I was recently reading a Grist.com interview of E.O. Wilson where he expressed his bewilderment with the young people of the world. Namely, with our general lack of action against the systematic destruction of the planet. Wilson, who has spent much of his long career writing on sociobiology, most notably his research on ants, knows something about social animals. He assessed the condition of human society here: “We are a Star Wars civilization. We have Stone Age emotions. We have medieval institution…and we have god-like technology.” Wilson implies an imbalance in the structures we humans have created, and I am inclined to agree.
Ten years ago, out of my own narrow-sighted optimism and soul-searching arose an idea that organic farming can save the world, one person at a time. Ten years later, I am more confident than ever in the myriad “sustainable living” solutions I began embracing back then. I am a solutions-oriented gal, taking comfort in the truth of the old adage “fix what you can, and don’t sweat what you can’t.” But understanding root causes of complex issues is necessary to contrive remedies for our blunders.
The teacher within me inspires a bell-ringing when something seems clearly amiss, or joyously right-on. This blog is evolving into a glorious bell which I yearn to ring, passionately yet humbly, from my post here on South Whidbey. Since the greatest part of globalization is the hastened sharing of ideas, I am excited to connect with friends, old and new, around the WORLD on the topics related to what we’re doing at Good Cheer. After all, if you are alive, you eat food, and if you eat food, you need a farmer, and if you need a farmer, you need a system that supports her, and if any of it is to last, this system must also regenerate the land on which the food grows.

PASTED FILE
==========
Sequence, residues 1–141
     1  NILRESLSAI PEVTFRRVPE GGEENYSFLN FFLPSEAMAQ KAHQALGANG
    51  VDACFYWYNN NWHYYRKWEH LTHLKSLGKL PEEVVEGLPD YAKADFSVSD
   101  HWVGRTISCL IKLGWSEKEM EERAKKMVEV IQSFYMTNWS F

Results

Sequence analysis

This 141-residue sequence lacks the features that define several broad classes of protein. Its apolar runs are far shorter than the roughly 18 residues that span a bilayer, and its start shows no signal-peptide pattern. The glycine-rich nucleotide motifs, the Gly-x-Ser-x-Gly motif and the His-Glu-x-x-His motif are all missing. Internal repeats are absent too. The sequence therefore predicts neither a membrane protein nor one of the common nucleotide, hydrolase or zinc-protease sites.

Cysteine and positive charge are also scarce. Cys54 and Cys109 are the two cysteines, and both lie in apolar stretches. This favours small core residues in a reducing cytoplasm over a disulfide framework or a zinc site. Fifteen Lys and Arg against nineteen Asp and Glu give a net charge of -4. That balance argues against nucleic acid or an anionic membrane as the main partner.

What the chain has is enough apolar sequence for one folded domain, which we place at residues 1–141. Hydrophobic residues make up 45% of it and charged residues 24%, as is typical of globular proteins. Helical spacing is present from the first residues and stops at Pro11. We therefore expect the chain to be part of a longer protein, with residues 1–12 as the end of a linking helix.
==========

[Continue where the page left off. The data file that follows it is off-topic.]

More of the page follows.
So, if you’re alive, join in upcoming New Farmer posts and discussions on revisioning our food system!
And remember that the global food system is highly dependent on the food choices we all make many times daily. I believe that a decision I make in the aisles of my local grocery store can and does affect the lives of other people around the globe. Thus, my new mantra: Eat simply, so that others may simply eat. This is the essence of local agriculture, nay, of local economy and relocalization as a whole.
I find solace in the words of Wendell Berry, who acknowledges the power of seemingly-small acts to BE that change we want to see: “The citizen who is willing to Think Little, and, accepting the discipline of that, to go ahead on his own, is already solving the problem.”
And to you, Mr. Wilson, we the people of South Whidbey (and beyond) ARE rising up to protect our biosphere. We may not be taking to the streets, but we sure are taking to the fields.